On camera…

Oct 15, 2016

Toronto Star – Desmond Cole
The case against body cameras for Toronto police – The millions of dollars would be better spent on overhauling the police oversight bodies

The question of equipping police with body cameras is getting lots of attention with most concluding, that despite the cost, storage and officer time required, the cameras are a good idea, a sort of definitive witness in encounters between civilians and police.  Cole is offering some critiques, especially around how the money may be better spent in a time of tough budget pressures.  Says Cole:  “The best bang for our accountability buck is to overhaul our failed oversight bodies, which are currently numb to the reality of systemic police brutality.”  https://www.thestar.com/opinion/commentary/2016/10/13/the-case-against-body-cameras-for-toronto-police-cole.html

CBC News – Amanda Margison
Ontario inmates first to get naloxone opioid overdose spray – Cost ‘still being determined’, provincial ministry says

The province is trying to stem the epidemic of opioid overdoses, especially from fentanyl and is issuing nose spray naloxone to inmates on release.  The nasal spray is the preferred treatment but more expensive version of naloxone.  Elsewhere health and justice officials have equipped first responders but Ontario is still considering.  “[We] are exploring options for providing naloxone nasal spray to first responders and eligible organizations through the Ontario Naloxone Program,” said ministry spokesman David Jensen.”   http://www.cbc.ca/news/canada/kitchener-waterloo/ontario-inmates-first-to-get-naloxone-opioid-overdose-spray-1.3804151   Related article: CBC News   Acupuncture a popular treatment for addictions in P.E.I.    http://www.cbc.ca/news/canada/prince-edward-island/pei-addictions-treatment-acupuncture-1.3800662   Related article: Globe and Mail – Sunny Dhillon   B.C. First Nation to implement voluntary drug, alcohol testing   http://www.theglobeandmail.com/news/british-columbia/bc-first-nation-to-implement-voluntary-drug-alcohol-testing/article32344681/?cmpid=rss1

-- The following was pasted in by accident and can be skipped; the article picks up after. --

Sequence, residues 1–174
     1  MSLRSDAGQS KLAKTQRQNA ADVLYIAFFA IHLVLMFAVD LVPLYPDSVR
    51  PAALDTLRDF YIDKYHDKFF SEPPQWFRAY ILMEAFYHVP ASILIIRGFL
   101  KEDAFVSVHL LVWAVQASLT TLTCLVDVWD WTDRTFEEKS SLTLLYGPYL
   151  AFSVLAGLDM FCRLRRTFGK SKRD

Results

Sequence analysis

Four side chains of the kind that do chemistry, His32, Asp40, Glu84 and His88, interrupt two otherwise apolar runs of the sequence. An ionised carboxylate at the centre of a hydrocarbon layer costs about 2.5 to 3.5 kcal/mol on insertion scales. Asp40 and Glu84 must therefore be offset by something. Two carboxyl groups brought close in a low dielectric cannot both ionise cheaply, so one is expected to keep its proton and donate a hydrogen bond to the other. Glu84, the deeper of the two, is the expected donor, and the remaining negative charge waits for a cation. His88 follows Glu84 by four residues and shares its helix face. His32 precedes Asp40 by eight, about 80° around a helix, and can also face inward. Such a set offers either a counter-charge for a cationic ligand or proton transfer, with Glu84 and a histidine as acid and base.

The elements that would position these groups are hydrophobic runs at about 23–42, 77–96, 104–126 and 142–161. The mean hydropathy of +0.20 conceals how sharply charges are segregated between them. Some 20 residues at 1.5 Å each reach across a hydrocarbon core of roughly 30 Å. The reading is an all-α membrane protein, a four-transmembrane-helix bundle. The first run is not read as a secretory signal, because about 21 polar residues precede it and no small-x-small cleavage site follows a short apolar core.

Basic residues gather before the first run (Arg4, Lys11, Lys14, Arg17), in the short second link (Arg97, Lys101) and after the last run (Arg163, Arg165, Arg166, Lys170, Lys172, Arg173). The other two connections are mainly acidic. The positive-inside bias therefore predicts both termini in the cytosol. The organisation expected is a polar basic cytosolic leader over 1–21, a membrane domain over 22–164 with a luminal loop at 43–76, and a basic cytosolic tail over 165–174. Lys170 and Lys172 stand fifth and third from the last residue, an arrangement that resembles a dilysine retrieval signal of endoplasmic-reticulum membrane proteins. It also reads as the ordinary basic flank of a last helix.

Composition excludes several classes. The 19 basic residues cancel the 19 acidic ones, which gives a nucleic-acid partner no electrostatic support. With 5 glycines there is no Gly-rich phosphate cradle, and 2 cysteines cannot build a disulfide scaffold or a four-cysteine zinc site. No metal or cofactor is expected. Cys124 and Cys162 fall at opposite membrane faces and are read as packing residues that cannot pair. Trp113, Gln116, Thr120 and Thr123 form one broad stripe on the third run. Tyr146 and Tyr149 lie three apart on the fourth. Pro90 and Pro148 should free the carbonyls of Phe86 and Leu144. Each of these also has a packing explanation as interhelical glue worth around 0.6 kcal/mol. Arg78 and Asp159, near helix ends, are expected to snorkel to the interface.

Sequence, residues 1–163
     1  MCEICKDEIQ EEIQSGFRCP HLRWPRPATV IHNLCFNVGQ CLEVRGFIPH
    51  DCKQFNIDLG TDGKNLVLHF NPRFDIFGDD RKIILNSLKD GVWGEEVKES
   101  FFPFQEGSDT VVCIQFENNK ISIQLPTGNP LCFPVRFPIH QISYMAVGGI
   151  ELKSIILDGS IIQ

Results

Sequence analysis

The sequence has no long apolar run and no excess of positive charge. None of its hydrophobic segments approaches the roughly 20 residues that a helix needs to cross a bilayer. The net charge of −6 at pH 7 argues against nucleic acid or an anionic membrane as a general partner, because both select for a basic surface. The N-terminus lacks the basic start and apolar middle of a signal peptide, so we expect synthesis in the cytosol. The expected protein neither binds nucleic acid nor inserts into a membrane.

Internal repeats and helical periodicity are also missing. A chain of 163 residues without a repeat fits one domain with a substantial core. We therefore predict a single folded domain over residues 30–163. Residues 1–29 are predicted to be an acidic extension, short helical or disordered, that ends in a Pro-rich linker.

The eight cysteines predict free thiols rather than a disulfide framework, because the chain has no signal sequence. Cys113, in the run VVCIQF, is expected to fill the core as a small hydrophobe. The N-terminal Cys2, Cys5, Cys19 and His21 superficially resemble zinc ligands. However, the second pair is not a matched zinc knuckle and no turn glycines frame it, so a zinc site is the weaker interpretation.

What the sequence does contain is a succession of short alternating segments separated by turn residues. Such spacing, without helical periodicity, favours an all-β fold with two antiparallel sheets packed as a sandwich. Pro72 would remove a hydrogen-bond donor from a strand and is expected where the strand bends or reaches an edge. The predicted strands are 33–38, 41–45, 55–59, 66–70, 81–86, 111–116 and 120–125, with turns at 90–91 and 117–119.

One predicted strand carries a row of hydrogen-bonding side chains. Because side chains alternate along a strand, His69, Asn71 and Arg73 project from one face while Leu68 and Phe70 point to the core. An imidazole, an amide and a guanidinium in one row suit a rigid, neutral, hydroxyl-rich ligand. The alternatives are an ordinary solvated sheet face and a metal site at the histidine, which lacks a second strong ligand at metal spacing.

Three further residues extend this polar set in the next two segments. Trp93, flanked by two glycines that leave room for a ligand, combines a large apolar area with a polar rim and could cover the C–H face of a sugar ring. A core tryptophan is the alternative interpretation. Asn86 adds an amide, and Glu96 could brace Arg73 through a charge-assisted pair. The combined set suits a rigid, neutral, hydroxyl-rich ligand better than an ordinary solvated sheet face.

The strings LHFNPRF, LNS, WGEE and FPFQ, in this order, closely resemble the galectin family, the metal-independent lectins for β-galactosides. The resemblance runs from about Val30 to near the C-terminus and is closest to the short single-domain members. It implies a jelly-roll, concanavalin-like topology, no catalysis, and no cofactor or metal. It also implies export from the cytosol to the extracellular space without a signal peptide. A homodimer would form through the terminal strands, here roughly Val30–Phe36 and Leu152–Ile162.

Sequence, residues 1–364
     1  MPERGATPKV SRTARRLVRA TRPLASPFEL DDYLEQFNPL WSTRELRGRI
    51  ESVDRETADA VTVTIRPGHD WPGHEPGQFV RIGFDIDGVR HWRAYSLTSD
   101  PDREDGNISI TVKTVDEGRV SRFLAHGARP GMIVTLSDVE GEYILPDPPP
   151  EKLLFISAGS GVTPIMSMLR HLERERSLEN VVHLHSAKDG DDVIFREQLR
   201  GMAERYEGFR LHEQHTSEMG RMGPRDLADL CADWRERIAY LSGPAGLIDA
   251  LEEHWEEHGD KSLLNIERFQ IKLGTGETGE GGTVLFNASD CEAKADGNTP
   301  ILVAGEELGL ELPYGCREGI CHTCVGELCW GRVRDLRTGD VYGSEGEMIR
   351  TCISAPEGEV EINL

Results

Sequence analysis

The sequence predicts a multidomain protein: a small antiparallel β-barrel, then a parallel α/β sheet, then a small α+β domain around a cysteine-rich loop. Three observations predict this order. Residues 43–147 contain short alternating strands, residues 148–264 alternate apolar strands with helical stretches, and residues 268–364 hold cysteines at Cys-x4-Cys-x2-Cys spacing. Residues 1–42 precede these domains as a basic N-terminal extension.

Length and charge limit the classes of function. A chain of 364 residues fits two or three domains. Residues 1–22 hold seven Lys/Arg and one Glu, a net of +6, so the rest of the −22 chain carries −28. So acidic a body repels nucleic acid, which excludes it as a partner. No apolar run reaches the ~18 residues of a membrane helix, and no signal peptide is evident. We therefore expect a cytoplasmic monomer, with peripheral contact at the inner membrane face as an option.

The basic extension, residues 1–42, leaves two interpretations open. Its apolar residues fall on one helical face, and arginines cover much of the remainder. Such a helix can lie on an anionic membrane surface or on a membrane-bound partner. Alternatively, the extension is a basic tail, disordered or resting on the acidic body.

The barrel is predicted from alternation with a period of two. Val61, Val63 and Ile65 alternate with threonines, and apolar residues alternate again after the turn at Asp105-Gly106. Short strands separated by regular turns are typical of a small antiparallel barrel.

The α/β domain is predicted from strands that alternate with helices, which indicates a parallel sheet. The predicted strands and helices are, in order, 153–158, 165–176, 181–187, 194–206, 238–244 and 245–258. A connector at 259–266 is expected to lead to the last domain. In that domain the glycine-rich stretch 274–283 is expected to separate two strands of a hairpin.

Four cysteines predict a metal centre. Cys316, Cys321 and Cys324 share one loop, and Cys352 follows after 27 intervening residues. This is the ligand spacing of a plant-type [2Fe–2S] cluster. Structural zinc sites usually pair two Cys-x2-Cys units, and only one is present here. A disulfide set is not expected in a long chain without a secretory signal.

Toronto Star – Editorial (Oct. 13, 2016)
Governments must restrict use of prison ‘segregation’

The defence of the CSC to the rec from the Ashley Smith coroner’s jury to limit the use of solitary confinement was always that the practice was a necessary tool in management.  Now, with a recorded 50% reduction in both long term and daily solitary without any serious consequence, critics are wondering why there cannot be further reductions and perhaps suspension altogether, especially when mental health problems are prompting the solitary.  https://www.thestar.com/opinion/editorials/2016/10/13/governments-must-restrict-use-of-prison-segregation-editorial.html

Globe and Mail – Leah Eichler
Forget deodorant commercials, we need real work to solve the wage gap

The gender gap in salary remains one of the enduring mysteries in the workplace:  how does the practice continue and why is enforcement for violations so lacking?  “There are many ways to measure the gender wage gap, many of which do account for hours of work and occupational choice. Even accounting for these factors, the gender wage gap exists at every level of job and across all sectors,” Ms. Emanuella Heyninck said, who is pay equity commissioner for Ontario and one of the most recent report’s co-authors.   http://www.theglobeandmail.com/report-on-business/careers/career-advice/life-at-work/forget-deodorant-commercials-we-need-real-work-to-solve-the-wage-gap/article32365762/    Full report (June 2016) Gender Wage Gap Strategy Steering Committee Report   (A 72 page downloadable pdf)  http://files.ontario.ca/7198_mol_gwg_finalreport_eng_wa_08f.pdf

National Association for Youth Justice (UK) – Tim Bateman
The State of Youth Custody

This organization argues first for the least amount of youth custody possible, prison as a last resort, and second for the notion that custody does not reduce crime but that sentences between 6 and 12 months increase the likelihood of recidivism.  The report looks at the various types of secure young offender institutions:  young offender institutions (YOIs), secure training centres (STCs) and secure children’s homes (SCHs).  http://thenayj.org.uk/wp-content/uploads/2016/10/NAYJ-Briefing-State-of-Youth-Custody-2016.pdf   (A 12 page downloadable pdf)   Related article: Seattle Times(US) – Claudia Rowe   Counseling and self-reflection instead of jail: King County tries new approach to teen crime  http://www.seattletimes.com/education-lab/counseling-over-jail-king-county-risks-new-approach-to-teen-crime/